The Live Oak City Council recently approved an agreement with an engineering firm to complete an application process for state grants that would help improve the city’s water and wastewater systems.
Currently, the California State Water Resource Control Board is “offering a Drinking Water Planning Grant program that could fund an update of the Live Oak Water Master Plan,” the city said. Additionally, the state also is “offering a Clean Water Planning Grant program that could fund an update of the Live Oak Wastewater Master Plan.”
Both grant programs “will allow for initial planning, design, and environmental work of identified projects” as they relate to the city’s water and wastewater systems.
The last time the city had a Master Plan related to water and wastewater was in 2009. Live Oak City Manager Aaron Palmer said, if approved, the grants would help with future planning.
“The grants are supposed to plan out where we need improvements in the future, where we need storage,” Palmer said Friday. “It will update parts of our water/wastewater master plans. … The grants would give us the money to do the plan.”
While the city will be spending upwards of nearly $150,000 for the application process, because it is considered a “Small Disadvantaged Community,” Live Oak is eligible for a possible reimbursement for costs associated with it, according to city staff.
The grants are necessary because the city is looking for a funding source to update the Live Oak Water Master Plan and Live Oak Wastewater Master Plan.
For the city’s 2009 Water System Master Plan, it identified water supply capacity, treatment, and piping projects that were needed to meet system deficiencies that were present at the time. According to the city, some projects associated with that plan were completed. They include:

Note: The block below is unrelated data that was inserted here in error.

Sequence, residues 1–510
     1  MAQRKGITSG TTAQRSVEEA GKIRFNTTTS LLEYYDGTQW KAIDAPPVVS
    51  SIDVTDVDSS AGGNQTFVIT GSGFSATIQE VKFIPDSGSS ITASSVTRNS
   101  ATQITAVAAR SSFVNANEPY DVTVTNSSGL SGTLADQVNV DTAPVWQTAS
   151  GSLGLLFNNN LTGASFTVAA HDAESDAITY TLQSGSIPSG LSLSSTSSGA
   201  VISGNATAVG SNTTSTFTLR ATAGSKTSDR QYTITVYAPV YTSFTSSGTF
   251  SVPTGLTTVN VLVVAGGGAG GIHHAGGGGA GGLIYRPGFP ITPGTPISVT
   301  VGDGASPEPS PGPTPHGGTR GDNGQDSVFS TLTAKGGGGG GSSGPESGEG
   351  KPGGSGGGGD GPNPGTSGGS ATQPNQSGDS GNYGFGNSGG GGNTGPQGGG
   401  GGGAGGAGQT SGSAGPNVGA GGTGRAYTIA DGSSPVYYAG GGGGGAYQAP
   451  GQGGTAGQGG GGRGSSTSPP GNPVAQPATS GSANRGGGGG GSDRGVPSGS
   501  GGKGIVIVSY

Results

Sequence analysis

– Well 7: 1,000 gallons per minute with treatment. Master plan identified a need for 2,000 gpm with treatment. A storage tank was not recommended at that time.
– Portions of water line improvements along Live Oak Boulevard
– First phase of pipeline from Well 7
– Some pipeline improvements along Larkin Road
Bill Lewis, a wastewater consultant with decades of experience, said during the Nov. 2 meeting that the projects considered will not be directly related to any water quality issues that may exist within the city. Cruz Mora, who was running for a city council seat, brought up the issue of water quality in the city during a candidate forum in late September.
Both Lewis and Palmer said despite complaints from those such as Mora, there were no serious water quality issues in Live Oak.
“The intended scope of this project is not to address the drinking water quality issue with the city,” Lewis said. “I reviewed your water quality reports for the last several years. I might respectfully disagree with the comments that came in a little earlier. Your water meets all state standards. So, there isn’t any question about that.”